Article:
What is Short Term Stability in a Crystal Oscillator?

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- everything RF

May 7, 2022

Short-term stability of a crystal oscillator is a measure of the oscillator’s frequency variation over a short period of time. It is typically measured for 1 to 10 seconds and is primarily caused by noise from electronic components in the oscillator circuits.

The short-term stability can be measured by four main parameters: Allan variance (the most common one specified in oscillator data sheets), phase noise, spectral density of phase deviations, and the spectral density of fractional frequency deviations. Most manufacturers specify the oscillator's short-term stability in terms of Allan variance.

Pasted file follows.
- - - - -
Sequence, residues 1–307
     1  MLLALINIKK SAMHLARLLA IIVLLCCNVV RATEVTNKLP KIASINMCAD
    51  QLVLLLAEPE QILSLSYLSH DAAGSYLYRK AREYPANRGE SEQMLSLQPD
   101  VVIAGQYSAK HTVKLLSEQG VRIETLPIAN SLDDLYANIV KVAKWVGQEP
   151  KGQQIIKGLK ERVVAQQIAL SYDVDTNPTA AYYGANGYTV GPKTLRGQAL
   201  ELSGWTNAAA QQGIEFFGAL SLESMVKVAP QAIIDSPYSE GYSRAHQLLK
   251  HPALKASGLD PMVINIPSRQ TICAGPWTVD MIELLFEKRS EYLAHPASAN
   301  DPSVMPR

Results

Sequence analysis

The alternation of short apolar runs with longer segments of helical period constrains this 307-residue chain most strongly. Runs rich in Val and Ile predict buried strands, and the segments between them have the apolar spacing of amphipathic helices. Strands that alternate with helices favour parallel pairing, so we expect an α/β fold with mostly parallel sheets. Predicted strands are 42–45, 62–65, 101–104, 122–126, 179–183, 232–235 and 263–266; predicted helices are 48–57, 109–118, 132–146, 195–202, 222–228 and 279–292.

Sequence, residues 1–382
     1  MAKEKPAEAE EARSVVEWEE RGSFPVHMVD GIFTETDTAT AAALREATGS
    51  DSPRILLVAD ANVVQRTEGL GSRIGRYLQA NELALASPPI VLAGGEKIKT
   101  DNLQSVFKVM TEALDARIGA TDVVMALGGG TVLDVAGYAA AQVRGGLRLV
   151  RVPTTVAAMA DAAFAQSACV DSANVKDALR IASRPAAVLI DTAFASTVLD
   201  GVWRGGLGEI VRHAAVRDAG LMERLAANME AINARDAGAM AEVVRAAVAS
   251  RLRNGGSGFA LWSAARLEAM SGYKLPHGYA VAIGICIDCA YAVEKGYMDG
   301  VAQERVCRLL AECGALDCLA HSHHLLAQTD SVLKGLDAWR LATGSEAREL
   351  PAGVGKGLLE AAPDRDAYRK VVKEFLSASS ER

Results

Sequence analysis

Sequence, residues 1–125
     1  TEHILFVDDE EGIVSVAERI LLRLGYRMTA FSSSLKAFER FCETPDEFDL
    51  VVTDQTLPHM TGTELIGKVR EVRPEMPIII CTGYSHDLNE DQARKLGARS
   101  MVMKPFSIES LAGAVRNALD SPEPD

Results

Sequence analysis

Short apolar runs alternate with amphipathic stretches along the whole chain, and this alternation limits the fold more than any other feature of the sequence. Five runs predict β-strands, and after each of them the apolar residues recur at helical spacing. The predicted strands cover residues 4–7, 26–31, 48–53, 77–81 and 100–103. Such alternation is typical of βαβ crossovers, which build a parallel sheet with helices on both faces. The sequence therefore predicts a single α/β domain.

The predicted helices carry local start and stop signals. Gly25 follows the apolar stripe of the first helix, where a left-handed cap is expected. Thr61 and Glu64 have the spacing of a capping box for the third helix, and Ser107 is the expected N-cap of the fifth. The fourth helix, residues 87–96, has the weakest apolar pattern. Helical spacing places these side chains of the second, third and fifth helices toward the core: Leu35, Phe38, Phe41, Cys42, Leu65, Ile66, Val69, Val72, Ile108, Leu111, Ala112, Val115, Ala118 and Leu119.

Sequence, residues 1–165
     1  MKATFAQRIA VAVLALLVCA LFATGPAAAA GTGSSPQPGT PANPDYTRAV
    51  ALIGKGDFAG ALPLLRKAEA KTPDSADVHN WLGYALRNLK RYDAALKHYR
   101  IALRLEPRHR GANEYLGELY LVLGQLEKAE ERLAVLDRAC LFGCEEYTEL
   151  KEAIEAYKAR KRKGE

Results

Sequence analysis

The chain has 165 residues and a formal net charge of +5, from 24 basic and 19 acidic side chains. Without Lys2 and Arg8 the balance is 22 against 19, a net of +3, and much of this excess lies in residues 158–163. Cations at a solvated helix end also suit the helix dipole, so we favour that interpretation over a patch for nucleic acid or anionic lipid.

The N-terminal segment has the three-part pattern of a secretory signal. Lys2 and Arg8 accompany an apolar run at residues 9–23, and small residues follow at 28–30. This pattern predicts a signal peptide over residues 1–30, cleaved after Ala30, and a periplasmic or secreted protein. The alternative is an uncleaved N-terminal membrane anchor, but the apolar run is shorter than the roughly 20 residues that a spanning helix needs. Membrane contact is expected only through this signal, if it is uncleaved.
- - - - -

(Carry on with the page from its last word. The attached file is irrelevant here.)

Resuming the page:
Allan variance is a statistical tool (also known as a two-sample variance) and is the most commonly used time-domain measure of frequency stability (short-term stability) in oscillators, clocks, and amplifiers. This technique is a unitless measure of frequency stability, and it can be used to quantify the short-term stability of crystal oscillators. In crystal oscillator datasheets, the short-term stability is specified as a number (for instance 5 x 10-11 – called Allan variance). A low value of Allan variance indicates good stability over the measured period (i.e., it has negligible short-time frequency variation) over a measured period (typically 1 sec).

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